“ Domodedovo is located in Moscow and is the largest airport in Russia in terms of flight traffic. „
ARRIVING IN MOSCOW BY AIR
Domodedovo (DME) is the largest (in terms of passenger numbers and cargo) of the three major airports that serve Moscow (the others are Sheremetyevo and Vnukovo). The airport is located around 40 kilometres (roughly 25 miles) to the southeast of the Russian capital, and as such is the furthest from the centre of town. Originally built in 1964, recent redevelopment and expansion has turned it into a quality transport hub, and it is currently the only airport in Russia capable of handling the Airbus A380, the largest operating passenger jet.
The improvements in infrastructure and facilities means it serves as the Russian hub of choice for around eighty carriers, including those in the Star Alliance (including BMI, Continental, Lufthansa, SAS, and United) and the Oneworld Alliance (including BA, AA, JAL & Iberia). DME serves both international and domestic flights out of its one terminal building, with one wing (T1) for internal Russian flights, and the other (T2), which is currently undergoing a expansion programme, hosting mostly international flights. There are plans for two further terminals, which will double DME's capacity and make it the largest airport in Eastern Europe.
GETTING INTO TOWN
Despite its distance from Moscow, transport links are good. There is an express train service to and from Paveletskiy Station (located on the Garden Ring on the south side of town) which takes passengers directly to the main terminal building. Current fares are 300 Russian Rubles (£6.50) standard class, or 500 Rubles (£10) in Business class. Trains leave every thirty minutes. Make sure you use the AeroExpress service, rather than the local stopping service, which takes around half-an-hour longer. The other option, if you're feeling confident, is to take an airport shuttle bus for the 15km trip to Domodedovskaya Metro station, which takes around half-an-hour and feeds into Moscow's wider Metro network.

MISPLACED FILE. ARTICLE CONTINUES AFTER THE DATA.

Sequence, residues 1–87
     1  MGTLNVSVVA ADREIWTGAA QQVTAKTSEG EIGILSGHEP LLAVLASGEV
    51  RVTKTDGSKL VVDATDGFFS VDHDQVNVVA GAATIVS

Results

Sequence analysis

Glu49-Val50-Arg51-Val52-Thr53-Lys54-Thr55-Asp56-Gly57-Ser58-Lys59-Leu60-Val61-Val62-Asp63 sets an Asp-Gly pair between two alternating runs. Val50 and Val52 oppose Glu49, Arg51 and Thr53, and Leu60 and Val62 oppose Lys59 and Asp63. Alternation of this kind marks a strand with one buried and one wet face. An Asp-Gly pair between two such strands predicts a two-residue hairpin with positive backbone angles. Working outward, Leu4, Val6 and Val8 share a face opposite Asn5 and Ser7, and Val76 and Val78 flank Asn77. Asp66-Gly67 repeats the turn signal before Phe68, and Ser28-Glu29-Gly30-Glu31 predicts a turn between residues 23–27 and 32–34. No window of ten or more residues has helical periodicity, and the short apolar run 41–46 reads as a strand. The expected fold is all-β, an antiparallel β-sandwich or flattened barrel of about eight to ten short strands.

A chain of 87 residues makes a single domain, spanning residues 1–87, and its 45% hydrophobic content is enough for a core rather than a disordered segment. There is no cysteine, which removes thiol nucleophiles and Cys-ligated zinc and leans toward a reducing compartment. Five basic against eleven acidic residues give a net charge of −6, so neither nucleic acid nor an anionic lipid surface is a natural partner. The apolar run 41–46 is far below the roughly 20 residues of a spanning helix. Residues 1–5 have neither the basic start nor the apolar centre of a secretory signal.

If a taxi is required, make sure it is either pre-booked before arrival, or use the official taxi rank outside the airport entrance. There are a lot of illegal gypsy cab drivers who will immediately crowd you, offering a lift, as soon as they see you enter the arrivals hall. Avoid them like the plague, as you run a very high risk of being overcharged. Very few taxi drivers speak English, so make sure you have the address you are going to handy, preferably in native Cyrillic, as many do not recognise Roman letters. If you are pressed for time, the express train is much the better option as Moscow is notorious for its traffic jams. The reasonable looking forty kilometres (roughly 25 miles) from the airport to the city can take as much as two hours, and will cost you (if pre-arranged) around 1500 Rubles (£30).